This
activity
will
help
students
understand
how
the
Northern
Lights
work,
what
causes
them,
and
how
to
observe
them.
They
will
use
charts
and
geometry
to
calculate
geographic
locations
of
aurora
based
on
satellite
data,
how
they
appear
at
different
latitudes,
and
their
height
above
the
ground.
Instructions
for
the
activity
are
provided,
and
an
extensive
list
of
links
to
additional
materials
is
also
...



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In
this
activity
students
will
apply
the
concept
of
triangulation
in
a
variety
of
problem
solving
situations
involving
the
Aurora
Borealis.
They
learn
that
before
the
advent
of
photography
in
the
1880's,
auroral
observers
tried
to
determine
the
height
of
aurora
by
the
method
of
triangulation
and,
from
the
geometry
of
the
triangle,
they
estimated
that
aurora
occurred
between
650
to
1,000
km
above
the
...



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This
article
discusses
the
results
of
a
mathematical
study
on
how
efficiently
the
energy
of
the
sun
is
converted
into
fossil
fuels.
It
points
out
that
plants
convert
the
sun's
energy
in
to
carbon,
which
is
the
basic
constituent
of
natural
gas,
oil,
and
coal.
However,
the
process
is
inefficient
in
that
only
about
9
percent
of
the
carbon
in
the
original
plants
is
converted
into
the
form
of
coal,
and
...



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In
this
activity,
students
mount
a
covered
mirror
on
a
wall
at
eye
level,
then
work
in
pairs
to
predict
where
two
people
must
stand
so
each
can
see
the
other's
reflection
in
the
mirror.
Each
pair
will
discuss
and
agree
on
the
places
where
they
think
they
must
stand,
then
remove
the
cover
from
the
mirror
and
test
their
predictions.
As
an
extension
of
this
activity,
they
can
design
and
construct
large
...



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In
this
activity,
students
fasten
two
mirrors
together
using
masking
tape
and
observe
the
relationship
between
the
angles
of
the
two
hinged
mirrors
and
the
number
of
images
produced.
Students
mark
angles
between
180
degrees
and
20
degrees.
They
open
the
hinged
mirrors
to
each
of
the
specified
angles,
place
an
object
between
the
two
mirrors,
and
count
and
record
the
number
of
images
they
see.
In
a
...



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In
this
activity,
students
use
a
variation
of
the
method
of
measuring
the
diameter
of
the
Sun
that
utilizes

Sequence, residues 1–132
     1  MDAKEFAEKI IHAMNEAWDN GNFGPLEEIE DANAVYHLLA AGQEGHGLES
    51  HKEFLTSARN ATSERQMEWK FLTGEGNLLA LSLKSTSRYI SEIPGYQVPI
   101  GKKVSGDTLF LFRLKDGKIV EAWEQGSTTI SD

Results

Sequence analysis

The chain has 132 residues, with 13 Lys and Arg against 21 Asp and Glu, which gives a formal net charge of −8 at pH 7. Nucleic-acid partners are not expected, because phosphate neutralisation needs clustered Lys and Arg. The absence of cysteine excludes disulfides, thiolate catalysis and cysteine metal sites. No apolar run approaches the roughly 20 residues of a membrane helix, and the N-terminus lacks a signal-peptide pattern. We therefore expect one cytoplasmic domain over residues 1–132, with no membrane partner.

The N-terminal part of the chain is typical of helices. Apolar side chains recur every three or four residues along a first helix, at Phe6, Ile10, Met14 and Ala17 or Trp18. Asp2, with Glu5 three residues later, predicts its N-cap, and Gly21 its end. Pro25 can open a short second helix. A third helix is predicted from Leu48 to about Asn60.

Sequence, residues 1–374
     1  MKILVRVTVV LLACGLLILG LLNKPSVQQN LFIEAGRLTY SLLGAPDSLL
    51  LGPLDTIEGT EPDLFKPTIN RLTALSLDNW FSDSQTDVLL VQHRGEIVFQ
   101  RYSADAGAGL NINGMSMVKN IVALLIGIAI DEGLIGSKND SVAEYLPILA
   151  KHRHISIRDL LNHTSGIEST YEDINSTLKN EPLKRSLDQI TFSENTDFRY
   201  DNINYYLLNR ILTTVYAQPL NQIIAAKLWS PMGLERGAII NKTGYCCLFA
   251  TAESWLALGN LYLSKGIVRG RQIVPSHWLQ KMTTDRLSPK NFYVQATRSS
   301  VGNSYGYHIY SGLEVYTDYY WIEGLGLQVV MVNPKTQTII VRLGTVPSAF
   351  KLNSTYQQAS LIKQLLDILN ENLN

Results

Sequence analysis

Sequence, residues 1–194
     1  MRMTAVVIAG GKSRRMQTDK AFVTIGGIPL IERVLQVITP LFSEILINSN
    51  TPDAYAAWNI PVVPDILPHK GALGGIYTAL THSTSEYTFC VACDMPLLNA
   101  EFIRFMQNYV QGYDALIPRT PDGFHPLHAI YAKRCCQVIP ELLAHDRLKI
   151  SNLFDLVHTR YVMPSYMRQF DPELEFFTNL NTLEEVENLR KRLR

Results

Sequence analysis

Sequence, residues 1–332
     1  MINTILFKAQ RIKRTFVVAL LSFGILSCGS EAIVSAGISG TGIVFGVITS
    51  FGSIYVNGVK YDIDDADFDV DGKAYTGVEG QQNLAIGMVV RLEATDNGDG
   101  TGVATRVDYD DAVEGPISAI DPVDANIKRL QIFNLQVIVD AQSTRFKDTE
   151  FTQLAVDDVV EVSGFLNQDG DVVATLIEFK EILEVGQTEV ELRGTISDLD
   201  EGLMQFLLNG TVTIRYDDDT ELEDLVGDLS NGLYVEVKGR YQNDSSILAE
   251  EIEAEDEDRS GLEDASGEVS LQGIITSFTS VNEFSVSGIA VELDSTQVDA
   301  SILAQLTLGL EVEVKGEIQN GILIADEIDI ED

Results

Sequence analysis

the
same
principle
involved
in
making
a
pinhole
camera.
They
substitute
a
masked
mirror
for
the
pinhole
and
a
darkened
room
for
the
box.
The
advantage
of
this
technique
is
that
the
Sun's
image
is
cast
over
a
greater
distance,
thus
enlarging
the
image.
Because
the
experiment
is
done
in
a
darkened
...



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In
this
activity,
students
will
construct
a
device
to
measure
slope
(clinometer),
use
it
to
measure
a
series
of
slopes
in
their
area,
and
relate
the
concept
to
physical
structures
around
them.
Clinometers
will
be
constructed
using
the
material
and
instructions
provided
with
the
activity.
Working
in
groups,
the
students
will
measure
three
slopes
they
select
themselves
and
calculate
the
result
in
both
...



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This
reference
provides
information
on
fundamental
physical
constants,
the
International
System
of
Units
(SI,
or
the
metric
system),
and
the
essentials
of
expressing
measurement
uncertainty.
The
section
on
physical
constants
includes
their
values
and
related
information
as
well
as
a
searchable
bibliography.
The
section
on
SI
includes
units
and
prefixes,
rules
and
style
conventions,
background
information,
...



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In
this
exercise,
students
investigate
the
use
of
conditional
probability
(the
likelihood
that
a
given
event
will
occur
within
a
specified
time
period)
in
assessing
earthquake
hazards.
Introductory
materials
explain
that
conditional
probability
is
based
on
the
past
history
of
earthquakes
in
a
region
and
on
how
and
when
earthquakes
recur;
and
discuss
the
different
types
of
models
that
can
be
developed
...



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In this activity, students import mean temperature data from the U.S. Historical Climatic Network (USHCN) into a spreadsheet program and use it to prepare graphs and calculate statistical measures and trends. It can be used in a course with climate change content or as an introduction to basic statistics. A tutorial on using Excel for basic statistics and an answer document are provided.



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